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Common Options for Dealing With Incontinence
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Urinary incontinence, or accidental leaking of urine, is a very common problem among older adults. You might suffer from stress incontinence, where pressure on your bladder causes leakage, or urge incontinence, where you suddenly feel the need to urinate and cannot get to the bathroom in time. If you have trouble draining your bladder, you might be suffering from overflow incontinence. You may also simply find that your restricted ability to move makes you take longer than you think you will need to get to a bathroom. The first step in taking care of any of these problems is to seek the help of your doctor, who will discuss your options with you. He or she might recommend behavioral changes, like special strengthening exercises and bladder training. There are also medications, devices and surgeries that could be used to help you deal with your incontinence in an efficient and stress-free manner.
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Kegel exercises are often the first type of treatment tried for incontinence. These are exercises designed to strengthen the muscles of your pelvic floor, helping you to have better control over your urination. They can be greatly effective against stress incontinence and urge incontinence. The exercises involve tightening the muscles you normally would use to stop yourself from urinating. There are short contractions that last two seconds each and longer ones lasting five to10 seconds each. Each type of contraction should be performed between 40 to 50 times per day. You can perform these exercises while standing, sitting or lying down. It is important that you contract the right muscles, as you might tighten the muscles of your thigh or stomach instead. You should also be sure not to hold your breath while you perform the contractions.
Scheduled voiding is another option often recommended over drugs as an initial treatment, particularly for urge and overflow incontinence. It is generally intended to be used in combination with Kegel exercises. The schedule you set, possibly with the aid of a physician, may mean urinating once per hour to start with. This will make unintentional urination less likely to occur. You might then be able to extend the schedule, waiting a little longer each time.
Your doctor might also recommend you make some adjustments to your lifestyle. For example, you may be required to cut out alcoholic and caffeinated drinks. Additionally, drinking plain water instead of other drink choices could help to prevent incontinence. Physical limitations might also need to be imposed, such as avoiding lifting or carrying any heavy items. Certain foods, such as spicy dishes or citrus fruits, can act as bladder irritants. Your doctor might ask you to keep these out of your diet. If you smoke, constant coughing could be putting extra strain on your bladder, and it is important to stop as soon as possible. If you are overweight, this could also cause extra pressure on your bladder. You might be encouraged to lose a certain amount of weight to help alleviate the strain that might be contributing to your incontinence.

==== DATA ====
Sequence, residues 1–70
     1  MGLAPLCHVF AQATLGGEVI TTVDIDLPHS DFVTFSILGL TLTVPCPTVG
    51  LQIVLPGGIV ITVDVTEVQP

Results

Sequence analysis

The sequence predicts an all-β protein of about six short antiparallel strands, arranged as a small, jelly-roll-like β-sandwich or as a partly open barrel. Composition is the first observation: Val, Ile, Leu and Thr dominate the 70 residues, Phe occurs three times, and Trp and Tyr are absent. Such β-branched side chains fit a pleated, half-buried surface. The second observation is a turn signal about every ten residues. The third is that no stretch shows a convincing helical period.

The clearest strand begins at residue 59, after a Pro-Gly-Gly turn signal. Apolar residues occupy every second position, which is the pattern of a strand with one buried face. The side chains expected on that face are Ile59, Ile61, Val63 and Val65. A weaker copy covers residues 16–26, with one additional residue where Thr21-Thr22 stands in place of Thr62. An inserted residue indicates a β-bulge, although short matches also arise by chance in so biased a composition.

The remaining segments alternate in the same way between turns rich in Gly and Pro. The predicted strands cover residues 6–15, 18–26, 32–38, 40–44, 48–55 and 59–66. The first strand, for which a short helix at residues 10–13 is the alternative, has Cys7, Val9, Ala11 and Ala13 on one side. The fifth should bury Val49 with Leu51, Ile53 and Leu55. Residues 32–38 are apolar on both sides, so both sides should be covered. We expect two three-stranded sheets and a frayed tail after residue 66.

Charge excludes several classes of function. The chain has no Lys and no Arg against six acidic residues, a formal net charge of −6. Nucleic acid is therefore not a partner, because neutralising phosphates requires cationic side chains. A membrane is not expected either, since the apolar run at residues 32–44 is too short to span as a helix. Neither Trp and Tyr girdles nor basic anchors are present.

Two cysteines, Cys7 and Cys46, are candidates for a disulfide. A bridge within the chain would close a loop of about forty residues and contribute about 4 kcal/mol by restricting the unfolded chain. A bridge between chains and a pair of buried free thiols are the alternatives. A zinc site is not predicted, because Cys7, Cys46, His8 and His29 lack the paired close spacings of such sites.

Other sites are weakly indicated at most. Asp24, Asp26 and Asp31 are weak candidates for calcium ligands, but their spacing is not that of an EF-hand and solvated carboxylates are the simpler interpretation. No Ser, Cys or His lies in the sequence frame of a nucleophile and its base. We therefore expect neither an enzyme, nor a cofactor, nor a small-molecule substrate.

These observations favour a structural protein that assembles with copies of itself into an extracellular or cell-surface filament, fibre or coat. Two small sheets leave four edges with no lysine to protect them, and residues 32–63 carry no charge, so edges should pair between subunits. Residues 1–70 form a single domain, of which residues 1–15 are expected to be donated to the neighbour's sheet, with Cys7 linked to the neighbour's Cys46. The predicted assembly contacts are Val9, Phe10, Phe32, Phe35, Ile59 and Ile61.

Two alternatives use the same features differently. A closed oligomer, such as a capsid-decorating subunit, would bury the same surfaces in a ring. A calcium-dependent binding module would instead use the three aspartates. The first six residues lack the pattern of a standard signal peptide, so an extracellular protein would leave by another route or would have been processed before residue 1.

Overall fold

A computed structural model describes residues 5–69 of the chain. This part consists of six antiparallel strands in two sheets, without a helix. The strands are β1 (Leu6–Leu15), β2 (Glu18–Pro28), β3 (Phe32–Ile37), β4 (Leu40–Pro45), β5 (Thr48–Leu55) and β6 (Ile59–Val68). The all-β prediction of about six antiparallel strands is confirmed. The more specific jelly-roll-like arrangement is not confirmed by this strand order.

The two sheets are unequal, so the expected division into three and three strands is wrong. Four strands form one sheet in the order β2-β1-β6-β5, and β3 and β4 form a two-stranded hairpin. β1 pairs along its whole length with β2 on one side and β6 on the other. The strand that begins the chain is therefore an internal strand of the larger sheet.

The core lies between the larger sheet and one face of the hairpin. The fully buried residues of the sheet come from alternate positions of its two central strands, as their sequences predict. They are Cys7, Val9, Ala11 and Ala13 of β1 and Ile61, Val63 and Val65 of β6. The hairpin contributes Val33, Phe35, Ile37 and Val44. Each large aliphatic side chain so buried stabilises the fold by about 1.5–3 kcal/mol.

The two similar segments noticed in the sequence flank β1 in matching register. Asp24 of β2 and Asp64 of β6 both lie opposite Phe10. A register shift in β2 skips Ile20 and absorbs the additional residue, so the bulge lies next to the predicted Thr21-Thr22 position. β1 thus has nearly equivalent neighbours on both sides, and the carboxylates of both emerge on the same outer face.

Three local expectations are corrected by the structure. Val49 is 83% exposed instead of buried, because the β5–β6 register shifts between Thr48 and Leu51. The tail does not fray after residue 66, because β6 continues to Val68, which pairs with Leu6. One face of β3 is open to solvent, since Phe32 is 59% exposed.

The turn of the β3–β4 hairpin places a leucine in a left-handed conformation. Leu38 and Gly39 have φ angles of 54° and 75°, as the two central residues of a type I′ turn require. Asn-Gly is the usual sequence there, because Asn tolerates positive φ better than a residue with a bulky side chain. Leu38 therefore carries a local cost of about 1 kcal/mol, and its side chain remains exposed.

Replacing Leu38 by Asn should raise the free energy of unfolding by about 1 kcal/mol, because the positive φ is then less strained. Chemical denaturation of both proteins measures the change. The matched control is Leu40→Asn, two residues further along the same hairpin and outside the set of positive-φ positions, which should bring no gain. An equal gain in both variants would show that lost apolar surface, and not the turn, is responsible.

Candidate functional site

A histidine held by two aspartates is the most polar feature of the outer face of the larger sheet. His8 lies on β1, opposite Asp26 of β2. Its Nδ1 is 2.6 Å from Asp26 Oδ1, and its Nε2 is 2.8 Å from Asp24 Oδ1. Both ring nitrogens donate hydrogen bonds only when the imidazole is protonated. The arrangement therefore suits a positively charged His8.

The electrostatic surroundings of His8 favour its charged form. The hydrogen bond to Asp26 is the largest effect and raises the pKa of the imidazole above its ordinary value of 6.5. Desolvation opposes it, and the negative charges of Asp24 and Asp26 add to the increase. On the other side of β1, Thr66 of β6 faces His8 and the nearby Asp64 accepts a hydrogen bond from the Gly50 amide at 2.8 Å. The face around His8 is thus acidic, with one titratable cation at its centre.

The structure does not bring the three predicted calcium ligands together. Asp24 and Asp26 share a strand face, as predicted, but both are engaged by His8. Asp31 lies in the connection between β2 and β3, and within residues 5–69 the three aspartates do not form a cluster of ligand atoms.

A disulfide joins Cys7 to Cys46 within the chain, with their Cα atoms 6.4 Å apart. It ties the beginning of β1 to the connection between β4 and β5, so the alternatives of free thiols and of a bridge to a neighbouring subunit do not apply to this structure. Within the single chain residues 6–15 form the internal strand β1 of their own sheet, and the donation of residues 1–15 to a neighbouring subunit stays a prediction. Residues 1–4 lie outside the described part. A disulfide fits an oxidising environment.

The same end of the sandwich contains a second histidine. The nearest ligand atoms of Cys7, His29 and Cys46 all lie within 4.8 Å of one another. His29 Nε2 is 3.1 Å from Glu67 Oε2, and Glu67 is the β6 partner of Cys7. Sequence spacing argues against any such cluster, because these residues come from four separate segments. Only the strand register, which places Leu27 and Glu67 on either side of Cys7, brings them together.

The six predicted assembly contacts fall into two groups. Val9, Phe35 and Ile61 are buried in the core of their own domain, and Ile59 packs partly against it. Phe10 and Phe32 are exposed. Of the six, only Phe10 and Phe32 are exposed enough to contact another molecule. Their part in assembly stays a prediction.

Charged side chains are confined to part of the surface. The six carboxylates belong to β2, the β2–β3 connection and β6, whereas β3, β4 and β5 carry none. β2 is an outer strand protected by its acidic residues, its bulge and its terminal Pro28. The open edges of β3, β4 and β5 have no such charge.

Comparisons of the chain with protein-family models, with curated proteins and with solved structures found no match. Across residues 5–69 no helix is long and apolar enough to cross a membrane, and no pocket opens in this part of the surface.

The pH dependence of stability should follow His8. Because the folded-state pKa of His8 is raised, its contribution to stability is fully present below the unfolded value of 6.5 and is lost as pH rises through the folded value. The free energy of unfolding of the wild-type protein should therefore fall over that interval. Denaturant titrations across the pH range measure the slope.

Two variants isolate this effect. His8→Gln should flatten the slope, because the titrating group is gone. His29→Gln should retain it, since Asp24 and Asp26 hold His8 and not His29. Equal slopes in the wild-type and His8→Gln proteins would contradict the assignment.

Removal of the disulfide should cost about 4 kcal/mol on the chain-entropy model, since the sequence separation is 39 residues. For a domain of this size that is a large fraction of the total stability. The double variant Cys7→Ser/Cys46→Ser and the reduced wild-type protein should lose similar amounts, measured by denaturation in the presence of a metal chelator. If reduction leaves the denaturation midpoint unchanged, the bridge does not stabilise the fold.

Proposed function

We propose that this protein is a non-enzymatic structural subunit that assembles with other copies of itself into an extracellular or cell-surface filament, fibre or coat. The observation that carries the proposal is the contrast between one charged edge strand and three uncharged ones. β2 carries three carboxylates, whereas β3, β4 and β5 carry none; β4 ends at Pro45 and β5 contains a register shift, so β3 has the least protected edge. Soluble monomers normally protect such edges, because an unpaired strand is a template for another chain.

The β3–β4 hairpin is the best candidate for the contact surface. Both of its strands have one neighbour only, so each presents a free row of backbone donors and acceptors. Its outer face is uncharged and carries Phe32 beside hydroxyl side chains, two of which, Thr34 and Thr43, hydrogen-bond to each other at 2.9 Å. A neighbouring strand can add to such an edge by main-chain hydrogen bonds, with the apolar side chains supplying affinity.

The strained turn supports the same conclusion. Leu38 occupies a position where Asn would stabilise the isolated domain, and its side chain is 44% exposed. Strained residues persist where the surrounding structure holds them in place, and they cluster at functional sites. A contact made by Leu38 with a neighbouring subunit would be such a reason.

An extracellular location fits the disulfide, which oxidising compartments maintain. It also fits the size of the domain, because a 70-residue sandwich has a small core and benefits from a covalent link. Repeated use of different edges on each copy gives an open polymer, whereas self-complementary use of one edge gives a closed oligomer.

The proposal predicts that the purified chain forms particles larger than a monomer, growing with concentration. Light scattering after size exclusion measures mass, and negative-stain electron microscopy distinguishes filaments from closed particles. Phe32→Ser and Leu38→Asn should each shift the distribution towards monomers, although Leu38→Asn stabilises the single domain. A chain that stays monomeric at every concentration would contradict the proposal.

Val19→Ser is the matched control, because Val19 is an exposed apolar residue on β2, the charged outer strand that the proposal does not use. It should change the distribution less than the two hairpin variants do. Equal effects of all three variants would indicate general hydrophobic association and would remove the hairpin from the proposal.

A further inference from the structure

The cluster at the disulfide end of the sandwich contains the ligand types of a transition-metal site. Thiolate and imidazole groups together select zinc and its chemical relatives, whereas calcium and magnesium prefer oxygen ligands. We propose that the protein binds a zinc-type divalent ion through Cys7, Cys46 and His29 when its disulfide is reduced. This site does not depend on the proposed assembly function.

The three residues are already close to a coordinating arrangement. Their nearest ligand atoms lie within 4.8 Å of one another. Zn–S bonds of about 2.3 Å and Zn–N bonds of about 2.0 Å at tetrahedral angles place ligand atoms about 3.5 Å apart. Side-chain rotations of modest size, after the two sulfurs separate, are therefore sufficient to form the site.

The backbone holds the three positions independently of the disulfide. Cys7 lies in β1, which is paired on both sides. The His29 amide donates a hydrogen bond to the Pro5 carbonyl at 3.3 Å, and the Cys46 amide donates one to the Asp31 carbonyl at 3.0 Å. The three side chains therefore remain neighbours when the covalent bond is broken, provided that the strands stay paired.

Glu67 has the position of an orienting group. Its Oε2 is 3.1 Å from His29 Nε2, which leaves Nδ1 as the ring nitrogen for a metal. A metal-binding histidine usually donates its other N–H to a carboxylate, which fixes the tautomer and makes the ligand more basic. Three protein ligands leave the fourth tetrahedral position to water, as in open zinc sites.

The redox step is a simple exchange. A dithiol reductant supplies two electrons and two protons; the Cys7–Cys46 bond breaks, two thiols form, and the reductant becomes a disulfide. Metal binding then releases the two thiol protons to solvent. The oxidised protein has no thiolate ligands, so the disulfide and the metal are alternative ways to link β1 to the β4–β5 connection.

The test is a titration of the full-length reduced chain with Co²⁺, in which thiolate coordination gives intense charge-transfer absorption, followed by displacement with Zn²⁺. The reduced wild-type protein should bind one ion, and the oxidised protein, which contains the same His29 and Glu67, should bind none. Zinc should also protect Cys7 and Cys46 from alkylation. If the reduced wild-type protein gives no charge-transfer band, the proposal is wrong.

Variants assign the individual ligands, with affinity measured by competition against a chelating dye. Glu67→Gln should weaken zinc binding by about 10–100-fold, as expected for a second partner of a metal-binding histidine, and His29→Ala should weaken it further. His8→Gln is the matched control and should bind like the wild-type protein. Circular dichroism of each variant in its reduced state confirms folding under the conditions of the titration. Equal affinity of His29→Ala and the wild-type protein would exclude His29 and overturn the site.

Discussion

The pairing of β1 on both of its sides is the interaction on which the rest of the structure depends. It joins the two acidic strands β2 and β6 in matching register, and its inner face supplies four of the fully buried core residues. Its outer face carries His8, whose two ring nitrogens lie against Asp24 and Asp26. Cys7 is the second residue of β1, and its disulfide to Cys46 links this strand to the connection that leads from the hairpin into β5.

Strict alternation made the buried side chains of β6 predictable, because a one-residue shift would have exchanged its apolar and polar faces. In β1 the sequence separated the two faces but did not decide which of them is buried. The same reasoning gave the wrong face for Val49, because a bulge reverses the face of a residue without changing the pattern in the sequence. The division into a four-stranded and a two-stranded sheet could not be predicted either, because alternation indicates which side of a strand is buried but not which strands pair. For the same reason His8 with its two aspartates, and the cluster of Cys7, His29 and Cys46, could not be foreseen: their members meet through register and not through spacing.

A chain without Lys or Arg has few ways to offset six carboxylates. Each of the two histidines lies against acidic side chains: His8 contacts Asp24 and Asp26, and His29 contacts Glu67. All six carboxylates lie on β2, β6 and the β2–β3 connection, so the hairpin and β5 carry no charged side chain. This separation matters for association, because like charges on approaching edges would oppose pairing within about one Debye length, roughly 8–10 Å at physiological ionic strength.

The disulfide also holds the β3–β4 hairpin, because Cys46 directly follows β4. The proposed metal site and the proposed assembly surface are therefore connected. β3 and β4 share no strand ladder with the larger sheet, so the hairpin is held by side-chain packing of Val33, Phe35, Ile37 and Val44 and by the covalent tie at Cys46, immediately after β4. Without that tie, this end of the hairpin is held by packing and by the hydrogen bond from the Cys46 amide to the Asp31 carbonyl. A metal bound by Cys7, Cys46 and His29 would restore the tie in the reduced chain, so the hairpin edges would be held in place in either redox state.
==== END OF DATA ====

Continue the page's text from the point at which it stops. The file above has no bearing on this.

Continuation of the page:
There are a number of drugs you may be prescribed to help treat urge incontinence. However, many of them are anticholinergics, which can have unpleasant side effects. As a result, your doctor is more likely to recommend pelvic floor strengthening, scheduling and lifestyle changes before prescribing medication.
If medication and behavioral changes do not have an effect on your incontinence, you might be required to use absorbent pads, protective devices or catheters. Pads can be used if you are a female and should be easy to wear under your clothing. If you are a male, you will use what is called a drip collector. It is an absorbent garment in the shape of a pocket, worn over the penis and kept in place by your underwear.
For individuals whose incontinence is caused by their bladders not draining fully, catheters might be recommended. This is a small tube inserted into the urethra in order to completely drain the bladder. It will need to be used several times a day. A doctor will give the patient clear instructions on its use and cleaning when prescribed.
You might be given a device that can be inserted into the vagina or urethra. These can physically support the muscles that help to prevent unintentional urination, or to block overflow. These might include pessaries, intravaginal spheres or intraurethral plugs. These are particularly recommended in the treatment of stress incontinence. Another device that may be used in the treatment of incontinence is a chair that provides Extracorporeal Magnetic Innervation (ExMI). This is a low-level magnetic field that targets and strengthens the pelvic floor muscles.
There are several surgical options for those suffering from incontinence. These are all designed to help support or strengthen your urethra and bladder neck. For example, a surgery might involve what is called a colposuspension, or a peri-urethral bulking injection. You might be given a Suburethral Sling that is used for support, or Transurethral Collagen Denaturation, which tightens the tissue around your urethra and bladder.